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Re: Pines of the SE United States - New member introduction

Post  JimLewis on Thu Apr 14, 2011 10:09 pm

Both of these will make decent bonsai. I'd suggest concentrating o the Shortleaf pine (Pinus echinata) rather than the spruce pine, though because te bark on the spruce pine is quite boring.

FYI, though, P. echinata needles are USUALLY in pairs and only occasionally in threes.

Spruce pine needles can be smaller than shortleaf pine, but they're thinner, too and not as attractive.

I do wonder where you have found spruce pine in "great numbers" around Tallahassee. It is a tree of the hardwood forests and usually is limited to an isolated specimen or two in beech-magnolia climax woods. I think I had three of them on my 40 acres of woodlands in North Leon County.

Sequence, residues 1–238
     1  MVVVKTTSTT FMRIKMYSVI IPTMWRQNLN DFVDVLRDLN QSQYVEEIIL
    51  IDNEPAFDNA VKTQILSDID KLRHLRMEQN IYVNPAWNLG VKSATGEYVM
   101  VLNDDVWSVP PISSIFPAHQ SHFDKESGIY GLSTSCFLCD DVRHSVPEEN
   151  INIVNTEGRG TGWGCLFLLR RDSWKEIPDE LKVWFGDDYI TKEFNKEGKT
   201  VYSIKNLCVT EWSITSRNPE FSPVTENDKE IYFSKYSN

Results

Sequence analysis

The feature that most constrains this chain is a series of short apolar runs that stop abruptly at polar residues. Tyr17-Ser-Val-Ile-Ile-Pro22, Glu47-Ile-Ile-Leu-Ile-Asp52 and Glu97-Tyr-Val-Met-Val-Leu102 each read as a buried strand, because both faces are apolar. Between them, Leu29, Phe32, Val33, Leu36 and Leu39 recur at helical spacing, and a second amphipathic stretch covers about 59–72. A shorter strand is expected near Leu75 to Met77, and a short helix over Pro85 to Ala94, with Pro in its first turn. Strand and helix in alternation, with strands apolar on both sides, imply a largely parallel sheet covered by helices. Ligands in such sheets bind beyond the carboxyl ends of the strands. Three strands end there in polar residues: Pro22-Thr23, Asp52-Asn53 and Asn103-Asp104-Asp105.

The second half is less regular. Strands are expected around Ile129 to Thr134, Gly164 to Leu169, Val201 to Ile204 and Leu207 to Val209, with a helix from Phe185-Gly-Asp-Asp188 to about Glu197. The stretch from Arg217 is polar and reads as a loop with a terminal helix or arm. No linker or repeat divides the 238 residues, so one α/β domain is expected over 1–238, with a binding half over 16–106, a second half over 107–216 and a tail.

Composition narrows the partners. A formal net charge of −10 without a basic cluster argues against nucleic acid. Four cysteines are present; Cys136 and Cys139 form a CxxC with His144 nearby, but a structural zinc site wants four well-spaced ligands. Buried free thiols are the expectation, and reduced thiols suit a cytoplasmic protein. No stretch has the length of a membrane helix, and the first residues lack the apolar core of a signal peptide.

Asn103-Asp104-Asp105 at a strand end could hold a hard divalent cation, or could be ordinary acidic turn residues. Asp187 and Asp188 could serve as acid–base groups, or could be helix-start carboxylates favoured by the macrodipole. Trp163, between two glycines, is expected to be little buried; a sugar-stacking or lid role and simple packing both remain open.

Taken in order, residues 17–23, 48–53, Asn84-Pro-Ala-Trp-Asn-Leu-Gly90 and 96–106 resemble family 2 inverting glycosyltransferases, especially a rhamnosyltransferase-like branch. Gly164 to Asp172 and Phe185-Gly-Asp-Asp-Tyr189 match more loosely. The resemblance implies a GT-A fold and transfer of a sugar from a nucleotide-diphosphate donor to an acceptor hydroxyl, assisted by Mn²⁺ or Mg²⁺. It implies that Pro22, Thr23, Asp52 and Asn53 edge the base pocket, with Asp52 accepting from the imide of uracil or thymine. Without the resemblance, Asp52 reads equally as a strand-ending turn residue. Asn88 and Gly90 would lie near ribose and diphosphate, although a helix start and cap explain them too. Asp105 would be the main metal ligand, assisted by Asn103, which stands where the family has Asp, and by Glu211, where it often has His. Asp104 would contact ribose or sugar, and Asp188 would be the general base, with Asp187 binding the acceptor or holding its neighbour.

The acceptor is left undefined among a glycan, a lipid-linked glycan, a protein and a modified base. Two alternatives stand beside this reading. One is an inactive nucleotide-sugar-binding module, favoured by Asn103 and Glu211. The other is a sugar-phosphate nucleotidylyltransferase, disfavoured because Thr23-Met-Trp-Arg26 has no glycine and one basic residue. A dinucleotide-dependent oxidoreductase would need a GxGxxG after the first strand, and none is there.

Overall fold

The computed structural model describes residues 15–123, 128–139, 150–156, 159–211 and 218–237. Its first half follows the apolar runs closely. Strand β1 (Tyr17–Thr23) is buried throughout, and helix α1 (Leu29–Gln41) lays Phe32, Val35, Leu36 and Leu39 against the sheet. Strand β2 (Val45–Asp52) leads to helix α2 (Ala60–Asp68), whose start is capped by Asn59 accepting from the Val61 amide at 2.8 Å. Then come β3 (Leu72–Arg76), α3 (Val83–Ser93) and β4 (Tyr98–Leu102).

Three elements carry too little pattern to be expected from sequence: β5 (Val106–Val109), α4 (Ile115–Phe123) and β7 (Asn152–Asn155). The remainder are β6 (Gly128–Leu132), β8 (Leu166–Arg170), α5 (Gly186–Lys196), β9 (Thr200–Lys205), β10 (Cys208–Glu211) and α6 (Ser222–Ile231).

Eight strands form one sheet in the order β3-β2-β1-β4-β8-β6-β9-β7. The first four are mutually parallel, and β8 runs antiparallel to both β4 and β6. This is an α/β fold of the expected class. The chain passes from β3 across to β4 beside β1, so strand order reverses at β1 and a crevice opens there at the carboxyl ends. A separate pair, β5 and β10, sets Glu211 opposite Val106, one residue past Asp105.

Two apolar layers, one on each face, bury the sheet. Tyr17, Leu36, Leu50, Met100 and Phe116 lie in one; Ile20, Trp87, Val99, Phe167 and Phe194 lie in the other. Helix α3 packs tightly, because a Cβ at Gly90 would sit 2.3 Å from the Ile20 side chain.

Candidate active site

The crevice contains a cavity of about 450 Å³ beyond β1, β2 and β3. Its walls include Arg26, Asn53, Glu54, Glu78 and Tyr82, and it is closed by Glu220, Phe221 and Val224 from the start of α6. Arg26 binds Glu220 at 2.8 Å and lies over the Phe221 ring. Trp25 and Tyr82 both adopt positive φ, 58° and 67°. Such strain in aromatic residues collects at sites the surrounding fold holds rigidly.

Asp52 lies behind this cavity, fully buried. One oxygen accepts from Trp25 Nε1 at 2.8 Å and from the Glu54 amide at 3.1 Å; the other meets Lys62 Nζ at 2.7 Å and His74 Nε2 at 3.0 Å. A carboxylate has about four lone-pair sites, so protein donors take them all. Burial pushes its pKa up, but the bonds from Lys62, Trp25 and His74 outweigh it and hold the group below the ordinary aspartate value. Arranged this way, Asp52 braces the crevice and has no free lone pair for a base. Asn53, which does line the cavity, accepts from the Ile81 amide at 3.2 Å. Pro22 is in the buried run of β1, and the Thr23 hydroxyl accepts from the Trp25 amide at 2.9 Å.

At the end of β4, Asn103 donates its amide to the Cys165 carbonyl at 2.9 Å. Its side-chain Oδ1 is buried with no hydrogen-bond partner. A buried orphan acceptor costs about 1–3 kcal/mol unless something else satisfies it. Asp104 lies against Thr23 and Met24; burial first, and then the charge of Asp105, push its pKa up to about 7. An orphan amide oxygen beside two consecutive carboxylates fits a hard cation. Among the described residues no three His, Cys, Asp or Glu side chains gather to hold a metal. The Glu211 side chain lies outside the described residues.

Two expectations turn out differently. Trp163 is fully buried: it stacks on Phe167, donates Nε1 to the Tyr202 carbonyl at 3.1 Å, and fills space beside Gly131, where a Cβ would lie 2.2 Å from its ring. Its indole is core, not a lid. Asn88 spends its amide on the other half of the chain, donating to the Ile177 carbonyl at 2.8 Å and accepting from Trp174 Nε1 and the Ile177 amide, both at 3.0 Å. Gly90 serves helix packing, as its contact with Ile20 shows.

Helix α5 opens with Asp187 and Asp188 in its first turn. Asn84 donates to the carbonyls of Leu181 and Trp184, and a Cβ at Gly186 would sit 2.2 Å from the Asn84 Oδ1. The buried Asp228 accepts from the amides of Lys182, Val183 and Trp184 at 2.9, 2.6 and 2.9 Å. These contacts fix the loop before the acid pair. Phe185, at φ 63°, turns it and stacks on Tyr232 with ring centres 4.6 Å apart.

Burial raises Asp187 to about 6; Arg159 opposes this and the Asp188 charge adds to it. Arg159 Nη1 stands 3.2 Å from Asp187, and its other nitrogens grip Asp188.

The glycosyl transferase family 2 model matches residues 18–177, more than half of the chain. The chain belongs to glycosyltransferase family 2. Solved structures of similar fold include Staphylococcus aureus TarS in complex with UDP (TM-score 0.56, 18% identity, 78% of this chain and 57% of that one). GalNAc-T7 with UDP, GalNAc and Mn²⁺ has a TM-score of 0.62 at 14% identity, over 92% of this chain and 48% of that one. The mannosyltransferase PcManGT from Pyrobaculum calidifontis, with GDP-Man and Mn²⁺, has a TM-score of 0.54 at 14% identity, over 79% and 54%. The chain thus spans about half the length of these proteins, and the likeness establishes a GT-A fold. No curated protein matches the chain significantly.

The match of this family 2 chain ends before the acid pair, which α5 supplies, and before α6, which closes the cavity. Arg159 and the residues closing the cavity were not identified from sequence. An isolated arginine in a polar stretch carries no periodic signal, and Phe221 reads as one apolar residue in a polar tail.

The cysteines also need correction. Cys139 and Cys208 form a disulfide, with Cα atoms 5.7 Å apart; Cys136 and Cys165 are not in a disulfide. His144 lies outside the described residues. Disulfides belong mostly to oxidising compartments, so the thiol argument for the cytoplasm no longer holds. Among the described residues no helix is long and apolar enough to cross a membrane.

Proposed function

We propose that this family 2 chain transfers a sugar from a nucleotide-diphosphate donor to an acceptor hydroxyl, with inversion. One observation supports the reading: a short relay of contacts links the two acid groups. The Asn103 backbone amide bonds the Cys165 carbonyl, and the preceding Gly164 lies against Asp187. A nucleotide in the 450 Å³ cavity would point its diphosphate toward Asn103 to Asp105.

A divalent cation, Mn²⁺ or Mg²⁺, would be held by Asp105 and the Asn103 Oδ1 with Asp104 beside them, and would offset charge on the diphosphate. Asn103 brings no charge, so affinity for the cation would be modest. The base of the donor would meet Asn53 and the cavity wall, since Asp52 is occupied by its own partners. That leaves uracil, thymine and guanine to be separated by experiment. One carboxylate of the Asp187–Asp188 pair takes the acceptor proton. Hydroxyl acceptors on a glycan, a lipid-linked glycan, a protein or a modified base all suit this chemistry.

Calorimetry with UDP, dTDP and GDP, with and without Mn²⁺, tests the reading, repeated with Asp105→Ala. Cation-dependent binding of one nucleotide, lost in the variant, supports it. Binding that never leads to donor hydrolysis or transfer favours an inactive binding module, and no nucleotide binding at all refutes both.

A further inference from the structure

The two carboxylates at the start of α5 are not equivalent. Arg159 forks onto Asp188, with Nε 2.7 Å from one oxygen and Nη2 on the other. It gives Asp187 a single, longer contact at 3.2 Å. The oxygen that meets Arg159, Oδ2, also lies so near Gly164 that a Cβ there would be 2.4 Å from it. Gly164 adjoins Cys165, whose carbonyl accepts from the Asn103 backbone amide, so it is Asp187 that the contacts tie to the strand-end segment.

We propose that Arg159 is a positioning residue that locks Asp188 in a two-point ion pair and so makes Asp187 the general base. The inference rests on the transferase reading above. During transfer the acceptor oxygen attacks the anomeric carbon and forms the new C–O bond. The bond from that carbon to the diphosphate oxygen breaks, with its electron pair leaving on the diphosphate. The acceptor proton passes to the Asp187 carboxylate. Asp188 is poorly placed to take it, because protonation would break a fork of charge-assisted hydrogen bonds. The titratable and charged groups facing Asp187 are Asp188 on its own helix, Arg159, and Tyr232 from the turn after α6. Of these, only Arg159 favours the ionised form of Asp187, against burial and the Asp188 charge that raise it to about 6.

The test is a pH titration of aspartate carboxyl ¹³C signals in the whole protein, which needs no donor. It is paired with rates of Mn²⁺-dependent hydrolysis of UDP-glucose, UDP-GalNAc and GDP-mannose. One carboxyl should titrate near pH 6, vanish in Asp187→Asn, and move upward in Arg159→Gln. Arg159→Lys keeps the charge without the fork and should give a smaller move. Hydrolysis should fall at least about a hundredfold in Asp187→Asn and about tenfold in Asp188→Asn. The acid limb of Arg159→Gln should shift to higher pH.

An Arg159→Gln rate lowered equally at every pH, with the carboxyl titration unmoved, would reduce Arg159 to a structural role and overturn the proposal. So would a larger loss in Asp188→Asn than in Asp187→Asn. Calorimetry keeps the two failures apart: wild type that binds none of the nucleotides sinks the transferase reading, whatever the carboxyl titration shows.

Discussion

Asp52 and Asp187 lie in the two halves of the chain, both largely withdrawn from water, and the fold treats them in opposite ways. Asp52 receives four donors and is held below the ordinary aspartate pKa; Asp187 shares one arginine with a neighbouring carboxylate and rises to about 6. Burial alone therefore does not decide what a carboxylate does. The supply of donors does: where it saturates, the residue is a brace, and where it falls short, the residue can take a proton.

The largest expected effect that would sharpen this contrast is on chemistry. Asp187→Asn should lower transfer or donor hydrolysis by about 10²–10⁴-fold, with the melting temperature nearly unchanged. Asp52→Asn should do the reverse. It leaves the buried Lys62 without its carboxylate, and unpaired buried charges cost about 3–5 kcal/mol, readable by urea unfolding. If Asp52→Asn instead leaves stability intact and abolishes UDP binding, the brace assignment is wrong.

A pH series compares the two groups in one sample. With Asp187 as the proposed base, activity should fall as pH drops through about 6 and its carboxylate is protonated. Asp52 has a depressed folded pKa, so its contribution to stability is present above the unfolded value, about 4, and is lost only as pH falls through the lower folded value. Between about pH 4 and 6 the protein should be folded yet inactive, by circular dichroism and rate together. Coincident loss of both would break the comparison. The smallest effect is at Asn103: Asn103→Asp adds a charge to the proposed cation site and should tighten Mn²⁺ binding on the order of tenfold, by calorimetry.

Don't ignore the loblolly pine P. taeda; you will occasionally find clumps of these with quite short needles and they do reduce. A blessing of the loblolly is that thay do backbud after severe pruning.

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Re: Pines of the SE United States - New member introduction

Post  MikeT307 on Fri Apr 15, 2011 1:45 am

Thanks for the reply Jim. I live on an acre in the Wakulla Springs area and have 3 large spruce pines in my yard. One of them is probably 6 foot in diameter. They are pretty common in the area but certainly not as common as other pines around. I have only been able to find smaller ones growing in the shade and none have the branch placement to make for a good project tree.

I still have loads to learn. Being a young tree it may have much smaller needles than the mature pines or the same species so it may not be a shortleaf variety of pine all. I had read that they are normally found with 2 needles per cluster also. Looking at the pointed bud, it does look more like the P. Taeda than the P. Echinata (perhaps it just hadn't opened in the photo of the Echinata?).



This is a photo of the pinch of needles I was trying to identify the tree with. I'll get a shot of the actual tree in the next couple of days.